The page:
“So now we’re being forced to do what you initially wanted to do?” Spring asked, moving the shades around for Sylver to heal.

“More or less. We could stay here and wait for backup, which should arrive anywhere from a week to a month from now. But with those four elves standing guard, I think it’s fair to assume they’re also waiting for reinforcements. Plus, considering Igri’s students built this, there’s a way out at the end of the crypt. And quite honestly, I’m more excited than scared to see what else is in here,” Sylver said, as he stepped through the pile of ashes and continued to walk.

“I’m a little confused, why would they make a crypt with an exit on the other side? Why have a path to the end, and not just completely bury it or something?” Spring asked as he walked along with Sylver.

“It’s an ego thing. The people buried here wanted to prove to the living that they were stronger or richer than them, even after they’re long dead and forgotten. And from a magical structural point of view, having a labyrinth full of deadly traps is a lot better than just a deeply buried room with no entrance or exit. These are all based on the same principle as dungeon cores, and go hand in hand fairly well together. The rich bastard lying dead at the end of this gets to die feeling happy that he’s going to prove how ‘strong’ they were, even after death, and the people making these make digging through the walls impossible. The only downside is that there is, as you said, a path directly to the end,” Sylver explained, coming to an intersection and turning left, where there wasn’t a giant wall of blackness blocking his way.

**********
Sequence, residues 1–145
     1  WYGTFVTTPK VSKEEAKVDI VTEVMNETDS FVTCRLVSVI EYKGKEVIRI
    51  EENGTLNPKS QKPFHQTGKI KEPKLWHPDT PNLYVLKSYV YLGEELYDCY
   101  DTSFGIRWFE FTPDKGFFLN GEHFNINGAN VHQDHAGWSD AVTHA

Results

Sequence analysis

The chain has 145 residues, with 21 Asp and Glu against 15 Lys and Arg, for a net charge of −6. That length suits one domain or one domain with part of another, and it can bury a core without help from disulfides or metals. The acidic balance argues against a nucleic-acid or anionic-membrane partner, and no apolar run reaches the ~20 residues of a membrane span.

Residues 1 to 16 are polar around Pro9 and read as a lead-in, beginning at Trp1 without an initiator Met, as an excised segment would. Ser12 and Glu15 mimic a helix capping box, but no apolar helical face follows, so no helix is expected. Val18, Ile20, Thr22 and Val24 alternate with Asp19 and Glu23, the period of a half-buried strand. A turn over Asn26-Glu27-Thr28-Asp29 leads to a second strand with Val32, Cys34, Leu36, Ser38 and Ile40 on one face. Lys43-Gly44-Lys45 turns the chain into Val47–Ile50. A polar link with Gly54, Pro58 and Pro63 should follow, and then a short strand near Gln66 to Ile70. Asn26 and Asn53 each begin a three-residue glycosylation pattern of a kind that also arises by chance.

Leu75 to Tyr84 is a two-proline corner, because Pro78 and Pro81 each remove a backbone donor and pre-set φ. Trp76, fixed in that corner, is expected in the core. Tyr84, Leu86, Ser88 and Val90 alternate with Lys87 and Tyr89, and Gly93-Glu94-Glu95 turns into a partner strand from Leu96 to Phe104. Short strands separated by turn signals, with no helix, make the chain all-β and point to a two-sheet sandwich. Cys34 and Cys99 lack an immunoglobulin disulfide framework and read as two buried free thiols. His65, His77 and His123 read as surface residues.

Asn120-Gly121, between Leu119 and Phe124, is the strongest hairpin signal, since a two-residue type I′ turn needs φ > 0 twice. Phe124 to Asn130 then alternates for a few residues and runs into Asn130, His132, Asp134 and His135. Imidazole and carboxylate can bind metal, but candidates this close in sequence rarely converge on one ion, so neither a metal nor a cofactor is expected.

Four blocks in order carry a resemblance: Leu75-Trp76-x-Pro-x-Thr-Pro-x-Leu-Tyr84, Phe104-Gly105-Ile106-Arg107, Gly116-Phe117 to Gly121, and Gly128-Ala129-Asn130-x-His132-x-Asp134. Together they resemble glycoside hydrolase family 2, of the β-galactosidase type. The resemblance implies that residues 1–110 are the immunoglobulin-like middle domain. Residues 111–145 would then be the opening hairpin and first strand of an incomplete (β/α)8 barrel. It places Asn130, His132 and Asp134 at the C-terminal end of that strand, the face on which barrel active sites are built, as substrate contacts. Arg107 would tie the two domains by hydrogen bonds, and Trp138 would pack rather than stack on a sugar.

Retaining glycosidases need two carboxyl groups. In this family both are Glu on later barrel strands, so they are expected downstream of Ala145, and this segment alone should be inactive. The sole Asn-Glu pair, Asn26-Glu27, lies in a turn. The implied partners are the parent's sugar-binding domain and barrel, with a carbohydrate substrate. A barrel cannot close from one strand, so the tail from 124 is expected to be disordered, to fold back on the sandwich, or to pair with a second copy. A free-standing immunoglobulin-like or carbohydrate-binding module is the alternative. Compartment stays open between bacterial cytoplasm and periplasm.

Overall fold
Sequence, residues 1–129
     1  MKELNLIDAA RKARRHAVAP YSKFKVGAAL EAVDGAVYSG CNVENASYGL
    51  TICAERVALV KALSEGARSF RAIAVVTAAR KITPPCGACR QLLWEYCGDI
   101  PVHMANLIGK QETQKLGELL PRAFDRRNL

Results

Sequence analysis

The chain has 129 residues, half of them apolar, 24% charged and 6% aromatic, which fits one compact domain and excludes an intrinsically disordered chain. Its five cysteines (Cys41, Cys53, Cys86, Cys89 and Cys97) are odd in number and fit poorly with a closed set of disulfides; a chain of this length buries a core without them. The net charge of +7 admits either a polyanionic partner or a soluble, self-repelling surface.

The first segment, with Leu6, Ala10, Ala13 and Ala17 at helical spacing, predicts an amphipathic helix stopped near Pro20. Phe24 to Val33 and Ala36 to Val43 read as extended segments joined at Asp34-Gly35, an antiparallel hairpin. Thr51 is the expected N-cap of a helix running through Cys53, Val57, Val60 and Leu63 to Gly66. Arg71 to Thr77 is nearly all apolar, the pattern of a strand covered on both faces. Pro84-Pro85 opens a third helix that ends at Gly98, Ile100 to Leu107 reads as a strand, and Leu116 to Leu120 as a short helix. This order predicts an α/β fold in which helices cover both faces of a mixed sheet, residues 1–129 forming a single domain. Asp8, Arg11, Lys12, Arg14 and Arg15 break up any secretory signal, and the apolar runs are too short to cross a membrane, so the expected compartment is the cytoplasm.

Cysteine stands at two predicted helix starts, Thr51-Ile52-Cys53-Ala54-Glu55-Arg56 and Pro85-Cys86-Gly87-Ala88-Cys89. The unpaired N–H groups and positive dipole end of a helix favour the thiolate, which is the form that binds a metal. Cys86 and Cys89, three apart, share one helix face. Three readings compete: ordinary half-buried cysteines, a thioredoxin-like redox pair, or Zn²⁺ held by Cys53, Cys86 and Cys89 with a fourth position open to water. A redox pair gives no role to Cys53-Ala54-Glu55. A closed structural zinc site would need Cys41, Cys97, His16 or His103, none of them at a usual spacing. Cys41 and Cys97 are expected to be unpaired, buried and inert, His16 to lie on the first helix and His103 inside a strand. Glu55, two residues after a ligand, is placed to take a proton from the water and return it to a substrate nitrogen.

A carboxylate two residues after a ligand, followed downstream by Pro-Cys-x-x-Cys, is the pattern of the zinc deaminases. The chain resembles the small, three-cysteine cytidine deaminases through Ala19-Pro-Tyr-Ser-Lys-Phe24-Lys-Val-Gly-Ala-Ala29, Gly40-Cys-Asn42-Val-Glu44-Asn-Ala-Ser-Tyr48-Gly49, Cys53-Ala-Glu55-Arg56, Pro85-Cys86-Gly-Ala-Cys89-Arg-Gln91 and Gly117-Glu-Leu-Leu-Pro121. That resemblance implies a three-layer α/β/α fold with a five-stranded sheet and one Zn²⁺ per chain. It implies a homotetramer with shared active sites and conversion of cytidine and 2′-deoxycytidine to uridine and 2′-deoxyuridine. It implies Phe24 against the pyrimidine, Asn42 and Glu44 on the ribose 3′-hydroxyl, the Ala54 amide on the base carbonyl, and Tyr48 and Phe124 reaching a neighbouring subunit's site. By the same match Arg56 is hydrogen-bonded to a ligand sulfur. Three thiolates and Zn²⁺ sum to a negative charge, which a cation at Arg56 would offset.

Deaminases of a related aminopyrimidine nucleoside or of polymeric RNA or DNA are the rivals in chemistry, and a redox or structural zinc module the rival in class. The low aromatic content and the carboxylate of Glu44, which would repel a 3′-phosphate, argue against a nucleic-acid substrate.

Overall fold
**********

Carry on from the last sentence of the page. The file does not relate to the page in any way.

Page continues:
“I see. Is it possible to find the exit and enter the crypt through that?”

“Most of the time, no. Aether did it once, but even he had to spend 6 months chipping away at the crypt. But since the crypt is here, I think it’s more likely there’s just a teleportation gate at the very bottom, instead of a normal exit,” Sylver said.

Spring nodded slightly and went back to scouting ahead.